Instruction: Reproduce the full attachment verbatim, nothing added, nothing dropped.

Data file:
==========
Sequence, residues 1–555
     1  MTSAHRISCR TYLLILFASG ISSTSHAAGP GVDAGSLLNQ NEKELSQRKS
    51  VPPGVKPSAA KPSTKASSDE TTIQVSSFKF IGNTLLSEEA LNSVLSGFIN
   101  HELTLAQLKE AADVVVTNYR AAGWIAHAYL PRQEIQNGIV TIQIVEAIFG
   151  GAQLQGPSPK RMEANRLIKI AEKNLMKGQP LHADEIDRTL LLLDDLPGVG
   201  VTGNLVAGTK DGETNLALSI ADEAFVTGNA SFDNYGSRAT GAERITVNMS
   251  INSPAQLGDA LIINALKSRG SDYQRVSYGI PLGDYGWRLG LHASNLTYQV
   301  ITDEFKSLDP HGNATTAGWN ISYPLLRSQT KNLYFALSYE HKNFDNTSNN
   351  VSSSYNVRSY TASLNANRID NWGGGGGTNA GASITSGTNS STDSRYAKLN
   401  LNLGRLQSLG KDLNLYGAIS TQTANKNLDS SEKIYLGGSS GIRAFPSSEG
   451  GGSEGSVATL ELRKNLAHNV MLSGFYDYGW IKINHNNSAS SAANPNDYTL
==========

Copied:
Sequence, residues 1–555
     1  MTSAHRISCR TYLLILFASG ISSTSHAAGP GVDAGSLLNQ NEKELSQRKS
    51  VPPGVKPSAA KPSTKASSDE TTIQVSSFKF IGNTLLSEEA LNSVLSGFIN
   101  HELTLAQLKE AADVVVTNYR AAGWIAHAYL PRQEIQNGIV TIQIVEAIFG
   151  GAQLQGPSPK RMEANRLIKI AEKNLMKGQP LHADEIDRTL LLLDDLPGVG
   201  VTGNLVAGTK DGETNLALSI ADEAFVTGNA SFDNYGSRAT GAERITVNMS
   251  INSPAQLGDA LIINALKSRG SDYQRVSYGI PLGDYGWRLG LHASNLTYQV
   301  ITDEFKSLDP HGNATTAGWN ISYPLLRSQT KNLYFALSYE HKNFDNTSNN
   351  VSSSYNVRSY TASLNANRID NWGGGGGTNA GASITSGTNS STDSRYAKLN
   401  LNLGRLQSLG KDLNLYGAIS TQTANKNLDS SEKIYLGGSS GIRAFPSSEG
   451  GGSEGSVATL ELRKNLAHNV MLSGFYDYGW IKINHNNSAS SAANPNDYTL